So­cial me­dia’s pow­der keg re­strains judges from ask­ing search­ing ques­tions

The Times of India (New Delhi edition) - - Times Nation - Dhanan­jay.Ma­ha­p­a­tra @times­group.com

So­cial me­dia is a no-holds barred medium. To be a con­tro­ver­sial or pop­u­lar fig­ure on so­cial me­dia, the per­son needs to read only Ar­ti­cle 19(1)(a) of the Con­sti­tu­tion — “All cit­i­zens shall have the right to free­dom of speech” — and stream out his/her views on ev­ery­thing un­der the sun.

It is no dis­qual­i­fi­ca­tion for tweet-ac­tivists if they lack ba­sic knowl­edge of an in­ci­dent or sub­ject be­fore post­ing com­ments. And there are troll armies, who get fix­ated with a cer­tain ide­ol­ogy and tar­get those with con­trast­ing views through non-stop jab­ber­ing. Both tweet-ac­tivists and troll armies are al­ways up to their shenani­gans.

Re­cently, a famed pub­lic in­ter­est lawyer and ac­tivist was dis­mayed by the ab­sence of a pop­u­lar an­chor on Mir­ror Now chan­nel. He did not bother to as­cer­tain the facts be­fore pulling the tweet trig­ger, “One of our finest TV jour­nal­ists (the name) has re­signed (made to) from Mir­ror Now. She raised the big­gest is­sues and spoke truth to power. Ob­vi­ously it an­noyed the es­tab­lish­ment, who then put pres­sure on the man­age­ment to re­place her. Very un­for­tu­nate.”

This gen­tle­man be­lieved the ru­mour mills and re­sorted to in­sin­u­a­tions just be­cause an an­chor was off air for some days! ‘Made to re­sign’, ‘spoke truth to power’ to ‘ob­vi­ously an­noy es­tab­lish­ment’, ‘es­tab­lish­ment putting pres­sure on man­age­ment’ and ‘man­age­ment suc­cumb­ing to such pres­sure from es­tab­lish­ment’ — were prod­ucts of his fer­tile imag­i­na­tion. He con­cluded it was ‘very un­for­tu­nate’.

In­deed, it was un­for­tu­nate that such a renowned per­son spoke with­out cross-check­ing facts. But he ap­pears to be a lit­tle more con­sci­en­tious than most Twit­ter ac­tivists. Weeks later, he at­tempted to make amends by tweet­ing, “I find that (the woman) is still an­chor­ing the Mir­ror Now pro­gramme. Seems I had mis­un­der­stood the rea­sons for her re­sign­ing as ex­ec­u­tive ed­i­tor of Mir­ror Now. I, there­fore, with­draw the tweet with apologies to the man­age­ment.” An ir­re­spon­si­ble act was washed down with a half re­morse — “seems I had mis­un­der­stood”.

Re­peat­ing false­hood, cir­cu­lat­ing ac­cu­sa­tions and com­ment­ing with­out con­text has be­come the norm for ac­tivists and trolls on so­cial me­dia. And this is a prime rea­son why Supreme Court judges are get­ting in­creas­ingly wary of ask­ing ques­tions to coun­sel in sen­si­tive mat­ters. They ap­pre­hend their ques­tions could get ill-con­tex­tu­alised by the ‘fastest fin­ger first’ norm on so­cial me­dia and cre­ate con­tro­versy.

Re­stric­tions on free speech and ex­pres­sion, per­tain­ing to “sovereignt­y and in­tegrity of In­dia, se­cu­rity of the state, friendly re­la­tions with for­eign states, pub­lic or­der, de­cency or moral­ity, or in re­la­tion to con­tempt of court, defama­tion or in­cite­ment of an of­fence”, sel­dom ap­ply to and respect be­stowed upon the seat she/he oc­cu­pies is for dis­pen­sa­tion of jus­tice with­out fear or favour. So­cial me­dia plat­forms, where in­ci­dents get re­ported within sec­onds, is a good anti­gen for some mo­tor­mouth judges, who think they lord over lawyers and lit­i­gants.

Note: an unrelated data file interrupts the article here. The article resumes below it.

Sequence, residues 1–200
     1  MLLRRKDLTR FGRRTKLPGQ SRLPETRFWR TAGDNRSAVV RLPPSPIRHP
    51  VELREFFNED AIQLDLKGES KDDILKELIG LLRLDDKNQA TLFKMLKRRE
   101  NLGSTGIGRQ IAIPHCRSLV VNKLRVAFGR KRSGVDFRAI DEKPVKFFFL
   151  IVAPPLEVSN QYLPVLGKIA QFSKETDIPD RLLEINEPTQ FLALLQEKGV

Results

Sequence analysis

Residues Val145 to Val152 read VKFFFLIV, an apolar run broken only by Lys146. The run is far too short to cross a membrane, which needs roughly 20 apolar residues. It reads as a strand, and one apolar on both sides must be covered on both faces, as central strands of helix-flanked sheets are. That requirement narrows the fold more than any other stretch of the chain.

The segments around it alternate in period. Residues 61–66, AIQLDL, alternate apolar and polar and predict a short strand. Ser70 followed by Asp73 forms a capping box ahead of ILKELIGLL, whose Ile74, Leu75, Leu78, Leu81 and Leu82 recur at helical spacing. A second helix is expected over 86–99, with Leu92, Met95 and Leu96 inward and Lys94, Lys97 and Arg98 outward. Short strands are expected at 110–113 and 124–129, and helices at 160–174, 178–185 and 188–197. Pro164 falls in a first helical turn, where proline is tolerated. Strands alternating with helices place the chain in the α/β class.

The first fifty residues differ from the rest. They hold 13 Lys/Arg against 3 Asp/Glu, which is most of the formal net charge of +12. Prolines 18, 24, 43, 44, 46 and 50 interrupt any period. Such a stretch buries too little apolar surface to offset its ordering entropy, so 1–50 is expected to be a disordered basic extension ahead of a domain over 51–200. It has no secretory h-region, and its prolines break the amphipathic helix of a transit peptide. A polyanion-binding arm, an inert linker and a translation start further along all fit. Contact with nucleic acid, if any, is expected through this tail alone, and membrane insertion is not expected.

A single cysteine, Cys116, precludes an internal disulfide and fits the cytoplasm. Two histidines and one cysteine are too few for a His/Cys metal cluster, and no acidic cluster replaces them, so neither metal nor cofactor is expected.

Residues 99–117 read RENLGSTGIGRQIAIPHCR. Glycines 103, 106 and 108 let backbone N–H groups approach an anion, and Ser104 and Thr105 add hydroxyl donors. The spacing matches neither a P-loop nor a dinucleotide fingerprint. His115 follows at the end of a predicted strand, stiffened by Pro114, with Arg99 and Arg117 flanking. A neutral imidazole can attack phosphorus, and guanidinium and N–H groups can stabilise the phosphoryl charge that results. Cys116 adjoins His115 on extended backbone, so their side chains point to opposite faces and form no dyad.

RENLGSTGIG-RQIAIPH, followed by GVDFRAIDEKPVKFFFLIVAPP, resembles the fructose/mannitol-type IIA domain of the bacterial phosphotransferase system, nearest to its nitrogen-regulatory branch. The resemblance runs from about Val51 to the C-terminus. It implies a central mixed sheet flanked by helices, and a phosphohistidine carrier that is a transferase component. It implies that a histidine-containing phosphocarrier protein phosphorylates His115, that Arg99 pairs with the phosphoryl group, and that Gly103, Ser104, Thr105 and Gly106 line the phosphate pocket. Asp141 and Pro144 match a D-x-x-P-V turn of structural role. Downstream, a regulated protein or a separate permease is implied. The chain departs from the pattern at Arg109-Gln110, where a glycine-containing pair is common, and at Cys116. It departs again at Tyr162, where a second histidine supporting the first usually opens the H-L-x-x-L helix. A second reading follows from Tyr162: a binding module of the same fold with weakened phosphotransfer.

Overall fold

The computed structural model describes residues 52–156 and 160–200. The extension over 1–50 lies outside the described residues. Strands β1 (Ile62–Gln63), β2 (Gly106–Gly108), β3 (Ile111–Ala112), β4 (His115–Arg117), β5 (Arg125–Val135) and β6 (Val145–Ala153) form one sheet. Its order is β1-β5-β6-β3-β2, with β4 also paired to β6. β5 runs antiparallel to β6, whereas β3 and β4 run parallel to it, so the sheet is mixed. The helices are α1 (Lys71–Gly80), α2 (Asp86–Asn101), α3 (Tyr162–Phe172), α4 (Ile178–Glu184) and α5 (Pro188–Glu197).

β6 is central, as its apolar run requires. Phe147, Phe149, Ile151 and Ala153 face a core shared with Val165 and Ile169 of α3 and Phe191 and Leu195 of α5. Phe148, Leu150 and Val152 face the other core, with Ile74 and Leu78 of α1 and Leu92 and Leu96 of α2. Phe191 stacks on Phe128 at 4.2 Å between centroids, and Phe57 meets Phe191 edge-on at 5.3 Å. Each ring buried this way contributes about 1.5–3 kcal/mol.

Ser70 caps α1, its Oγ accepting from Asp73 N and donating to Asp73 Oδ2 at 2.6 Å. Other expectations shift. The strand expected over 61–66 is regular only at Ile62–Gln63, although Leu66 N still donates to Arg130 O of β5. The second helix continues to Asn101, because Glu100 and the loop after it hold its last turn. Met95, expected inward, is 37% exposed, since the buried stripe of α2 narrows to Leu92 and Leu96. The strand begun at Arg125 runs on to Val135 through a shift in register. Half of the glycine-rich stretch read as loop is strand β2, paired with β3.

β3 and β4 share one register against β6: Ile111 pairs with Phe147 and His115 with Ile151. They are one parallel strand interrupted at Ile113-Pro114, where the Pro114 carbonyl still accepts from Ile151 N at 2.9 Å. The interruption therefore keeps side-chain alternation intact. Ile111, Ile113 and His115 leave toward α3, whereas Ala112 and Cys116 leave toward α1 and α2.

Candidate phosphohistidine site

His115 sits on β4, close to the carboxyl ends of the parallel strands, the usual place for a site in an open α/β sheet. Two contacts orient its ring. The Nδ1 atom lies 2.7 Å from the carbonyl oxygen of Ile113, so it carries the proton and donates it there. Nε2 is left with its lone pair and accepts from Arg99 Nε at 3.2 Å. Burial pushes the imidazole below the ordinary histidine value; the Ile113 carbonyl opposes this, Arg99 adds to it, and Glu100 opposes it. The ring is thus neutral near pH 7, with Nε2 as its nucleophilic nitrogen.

Re­cently, a se­nior ad­vo­cate re­counted his un­pleas­ant ex­pe­ri­ence be­fore an Ut­tarak­hand HC judge. Af­ter hear­ing coun­sel for the CBI and the ac­cused per­son, the judge passed an or­der in a crim­i­nal case. Hours later, the CBI sought mod­i­fi­ca­tion of the or­der. The judge sought pres­ence of the other side’s coun­sel.

On spot­ting a ju­nior, who had as­sisted the se­nior ad­vo­cate ap­pear­ing for the ac­cused, the judge told him to en­sure the pres­ence of the se­nior with a warn­ing that the court was not pow­er­less to reg­is­ter an FIR against any “delin­quent coun­sel, be it a se­nior or ju­nior”. Per­turbed, the se­nior ad­vo­cate rushed to the court and in­quired from the judge whether he had threat­ened to lodge an FIR.

The judge de­nied it. But the next mo­ment, he made some in­sin­u­at­ing com­ments — “bade aaye English mein ar­gue karne wale” — to de­ride the coun­sel who prac­tised in the SC and was not flu­ent enough to re­tort back in Hindi.

If a coun­sel from the south­ern part of the coun­try, be­cause of his met­tle and ex­pe­ri­ence, is hired by some­one in Ut­tar Pradesh, Ut­tarak­hand or other Hindi-speak­ing states, should he need to take el­e­men­tary lessons in Hindi be­fore tak­ing up cases in HCs of these states? So­cial me­dia would have erupted over this in­ci­dent had it hap­pened in Delhi or other met­ros.

The rules that ap­ply to so­cial me­dia ac­tivists and trolls must also ap­ply to judges. Judges must keep in mind what Lord Atkin said in An­dre Paul vs At­tor­ney-Gen­eral of Trinidad [AIR 1936 PC 141], “Jus­tice is not a clois­tered virtue; she must be al­lowed to suf­fer the scru­tiny and re­spect­ful, even though out­spo­ken, com­ments of or­di­nary men.”

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